State Senate Republican President Pro Tempore Len Fasano of North Haven has a pet legislative project — literally. He wants Connecticut to ban the practice of leasing, rather than selling, dogs and cats.
A long-time dog owner, Fasano says he can’t abide the thought that unwitting pet lovers could wind up losing their family dog when they can no longer make payments on it.
Fasano has not encountered any reports of the problem in Connecticut. But the senator, drawing inspiration from California’s new law prohibiting the practice, is now sponsoring legislation that he believes would nip the problem before it manifests here.
“I think it could affect Connecticut…. they just started it. Maybe it would hit Connecticut sometime in the future,” he said. “I want to be proactive to stop it before it happens here.”
The legislative leader got plenty of support from his colleagues for his dog-friendly measures, passing it unanimously through the state Senate in early May. The state house did not take up the issue, but Fasano is not deterred.
“I think legislators were stunned that there even was a mechanism to lease,” Fasano said. He attributed much of the policy’s success to proper timing. “I am fairly confident we will have enough support to get it passed next year.”
Pet leasing allows customers to gradually finance, through monthly installments, pets that they cannot otherwise afford.
Fasano said he heard about it on the radio.
“The stories I have heard about people leasing dogs and cats and then returning them are heartbreaking when you think about the animals,” said Fasano in his May 2 press release announcing the State Senate’s passing of the legislation. After researching the problem, Fasano was struck by the “inhumane” tactics of some leasing companies that work with pet retailers to sell off expensive puppies while they are still marketable.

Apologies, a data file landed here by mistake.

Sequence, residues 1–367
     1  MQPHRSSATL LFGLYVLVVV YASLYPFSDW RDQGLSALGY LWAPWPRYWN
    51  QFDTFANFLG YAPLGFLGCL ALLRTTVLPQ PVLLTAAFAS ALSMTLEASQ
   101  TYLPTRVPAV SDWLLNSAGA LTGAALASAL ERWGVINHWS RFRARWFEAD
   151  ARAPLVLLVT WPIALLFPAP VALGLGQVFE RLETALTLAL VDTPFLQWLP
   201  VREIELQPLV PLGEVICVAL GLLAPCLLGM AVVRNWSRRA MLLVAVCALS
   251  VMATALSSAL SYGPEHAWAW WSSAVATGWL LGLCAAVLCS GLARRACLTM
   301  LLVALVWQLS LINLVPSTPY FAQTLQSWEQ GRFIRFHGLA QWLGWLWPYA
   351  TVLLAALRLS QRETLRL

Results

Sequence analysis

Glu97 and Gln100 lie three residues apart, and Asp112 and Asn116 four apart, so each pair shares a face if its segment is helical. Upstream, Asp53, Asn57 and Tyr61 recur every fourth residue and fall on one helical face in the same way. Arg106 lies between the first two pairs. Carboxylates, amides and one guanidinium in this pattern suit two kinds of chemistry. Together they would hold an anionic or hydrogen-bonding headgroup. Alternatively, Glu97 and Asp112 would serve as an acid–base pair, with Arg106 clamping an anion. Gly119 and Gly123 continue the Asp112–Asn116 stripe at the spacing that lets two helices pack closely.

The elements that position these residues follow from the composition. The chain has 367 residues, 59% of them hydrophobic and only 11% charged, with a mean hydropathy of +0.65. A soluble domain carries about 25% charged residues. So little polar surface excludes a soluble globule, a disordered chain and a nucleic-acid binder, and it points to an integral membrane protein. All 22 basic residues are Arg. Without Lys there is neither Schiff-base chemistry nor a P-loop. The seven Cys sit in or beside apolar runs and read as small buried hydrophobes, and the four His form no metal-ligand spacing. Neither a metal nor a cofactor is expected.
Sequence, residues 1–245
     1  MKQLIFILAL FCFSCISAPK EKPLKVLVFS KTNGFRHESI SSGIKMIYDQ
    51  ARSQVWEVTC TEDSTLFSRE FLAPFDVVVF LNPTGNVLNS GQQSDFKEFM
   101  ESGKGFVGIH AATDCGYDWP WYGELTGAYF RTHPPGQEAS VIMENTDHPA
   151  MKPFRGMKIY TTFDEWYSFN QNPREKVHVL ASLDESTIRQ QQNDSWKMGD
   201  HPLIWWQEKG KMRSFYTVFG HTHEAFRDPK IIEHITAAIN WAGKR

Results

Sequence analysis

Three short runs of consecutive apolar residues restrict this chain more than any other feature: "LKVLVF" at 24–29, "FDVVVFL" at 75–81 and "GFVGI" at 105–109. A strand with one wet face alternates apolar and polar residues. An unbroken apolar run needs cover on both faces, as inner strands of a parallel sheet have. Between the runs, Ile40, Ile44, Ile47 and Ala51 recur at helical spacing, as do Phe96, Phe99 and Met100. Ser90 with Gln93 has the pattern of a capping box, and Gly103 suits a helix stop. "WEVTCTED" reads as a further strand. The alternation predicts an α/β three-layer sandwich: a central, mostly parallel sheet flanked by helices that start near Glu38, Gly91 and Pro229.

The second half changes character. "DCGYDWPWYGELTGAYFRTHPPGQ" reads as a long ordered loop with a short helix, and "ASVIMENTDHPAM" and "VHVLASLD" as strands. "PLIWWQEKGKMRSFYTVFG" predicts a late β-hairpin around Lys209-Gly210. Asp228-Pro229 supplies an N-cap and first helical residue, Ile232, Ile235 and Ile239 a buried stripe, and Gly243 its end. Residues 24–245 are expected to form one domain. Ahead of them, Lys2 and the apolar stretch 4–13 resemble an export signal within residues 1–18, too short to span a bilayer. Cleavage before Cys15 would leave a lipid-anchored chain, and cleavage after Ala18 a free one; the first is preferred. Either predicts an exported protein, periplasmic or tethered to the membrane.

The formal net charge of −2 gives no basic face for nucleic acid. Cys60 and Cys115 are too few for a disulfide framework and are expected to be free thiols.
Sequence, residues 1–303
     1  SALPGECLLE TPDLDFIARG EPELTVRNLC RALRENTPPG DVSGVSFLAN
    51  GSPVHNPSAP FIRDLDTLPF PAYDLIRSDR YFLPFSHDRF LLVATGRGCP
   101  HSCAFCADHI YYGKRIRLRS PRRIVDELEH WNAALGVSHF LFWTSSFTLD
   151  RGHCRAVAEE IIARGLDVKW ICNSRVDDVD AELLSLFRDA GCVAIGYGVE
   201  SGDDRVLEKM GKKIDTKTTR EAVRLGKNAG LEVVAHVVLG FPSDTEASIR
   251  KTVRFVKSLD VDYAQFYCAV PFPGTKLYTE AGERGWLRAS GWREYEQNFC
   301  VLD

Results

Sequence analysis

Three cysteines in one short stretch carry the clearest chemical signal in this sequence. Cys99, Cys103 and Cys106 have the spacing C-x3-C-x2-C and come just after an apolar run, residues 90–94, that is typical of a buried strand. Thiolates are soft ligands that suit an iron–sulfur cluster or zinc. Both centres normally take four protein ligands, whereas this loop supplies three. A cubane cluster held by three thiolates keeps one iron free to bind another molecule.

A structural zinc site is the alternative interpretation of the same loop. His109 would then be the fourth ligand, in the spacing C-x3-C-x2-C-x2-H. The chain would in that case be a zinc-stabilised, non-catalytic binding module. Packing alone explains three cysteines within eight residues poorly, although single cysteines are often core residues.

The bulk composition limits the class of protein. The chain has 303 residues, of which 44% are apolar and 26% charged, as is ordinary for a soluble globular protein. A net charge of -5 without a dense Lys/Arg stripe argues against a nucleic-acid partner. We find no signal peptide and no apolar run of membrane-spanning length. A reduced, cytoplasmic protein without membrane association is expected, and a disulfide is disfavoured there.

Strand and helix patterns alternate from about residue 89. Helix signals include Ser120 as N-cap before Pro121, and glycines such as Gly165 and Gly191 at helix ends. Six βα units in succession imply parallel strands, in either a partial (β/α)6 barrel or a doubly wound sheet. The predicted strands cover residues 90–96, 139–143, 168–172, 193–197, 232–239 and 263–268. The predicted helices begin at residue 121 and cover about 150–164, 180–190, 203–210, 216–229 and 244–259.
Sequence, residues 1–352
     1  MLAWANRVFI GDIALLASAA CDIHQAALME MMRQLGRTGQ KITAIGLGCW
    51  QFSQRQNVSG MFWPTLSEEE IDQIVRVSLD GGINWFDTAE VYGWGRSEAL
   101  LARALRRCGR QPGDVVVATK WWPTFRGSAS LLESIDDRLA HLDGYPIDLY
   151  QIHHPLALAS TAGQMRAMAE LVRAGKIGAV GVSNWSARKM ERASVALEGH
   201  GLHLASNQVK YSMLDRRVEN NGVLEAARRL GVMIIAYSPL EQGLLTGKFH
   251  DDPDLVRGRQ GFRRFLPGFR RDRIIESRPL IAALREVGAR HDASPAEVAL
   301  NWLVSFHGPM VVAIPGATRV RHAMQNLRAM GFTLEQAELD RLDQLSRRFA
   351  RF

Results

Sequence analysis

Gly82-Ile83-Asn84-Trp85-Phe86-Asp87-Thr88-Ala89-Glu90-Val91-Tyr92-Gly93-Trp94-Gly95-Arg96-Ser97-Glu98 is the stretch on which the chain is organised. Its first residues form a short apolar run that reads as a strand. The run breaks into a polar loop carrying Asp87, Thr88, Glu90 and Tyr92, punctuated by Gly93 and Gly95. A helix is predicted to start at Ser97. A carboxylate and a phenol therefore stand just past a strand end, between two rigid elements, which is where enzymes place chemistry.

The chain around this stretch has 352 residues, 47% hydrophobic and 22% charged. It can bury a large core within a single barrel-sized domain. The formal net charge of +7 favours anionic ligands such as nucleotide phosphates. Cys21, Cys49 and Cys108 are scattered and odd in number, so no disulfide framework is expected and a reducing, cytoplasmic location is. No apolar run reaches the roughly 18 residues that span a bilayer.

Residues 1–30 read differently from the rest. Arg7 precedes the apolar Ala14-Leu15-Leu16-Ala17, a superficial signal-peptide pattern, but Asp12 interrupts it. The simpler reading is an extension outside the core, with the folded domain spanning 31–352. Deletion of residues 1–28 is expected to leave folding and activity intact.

“In many of these cases, older pets that are returned after a lease often struggle significantly to adjust to having lost their home and owner. If they cannot find new homes, these animals are often euthanized,” Fasano said. “What has been happening in these arrangements is inhumane.”
When asked to comment on the pet leasing issue, many state-based pet store owners and animal-care groups had not heard of the practice. However, The Dog House, a pet-breeding company out of Manchester, said that it has been leasing dogs for about three years.
“We do offer the program here,” said a company representative, Julie Parsons. “It seems to be fairly popular.” Parsons says the company clearly explains the leasing process to customers, and that in her experience, many customers have not filed complaints surrounding unexpected costs of leasing a dog.
“We really emphasize the fact that it’s a lease,” she said. “It has been positive for business to help people that want to build a little bit of credit.”
As for banning the practice, Parsons believes the government should take a laissez-faire approach, with the decision being the consumer’s.
“Nobody is saying okay, you have to do it. As long as they go in knowing the ups and downs, as far as I am concerned, they are intelligent enough to make the decision,” she said.
But while The Dog House may oppose Fasano’s legislation, other Connecticut dog kennels share in the senator’s concerns, likening the morality of leasing a pet to that of leasing human beings.
“Everything about it sounds wrong to me,” said Tim Madsen with the Valley Boarding Kennel in South Windsor. “I would definitely have a problem with the notion that some people have difficulty affording a $1,000 dog….. when the cost of caring for a pet can cost you that and then some easily in a year.”
Though Madsen said he had not heard of the problem and wouldn’t think it would be prevalent in Connecticut, he would certainly support legislation that would ban it if it became common.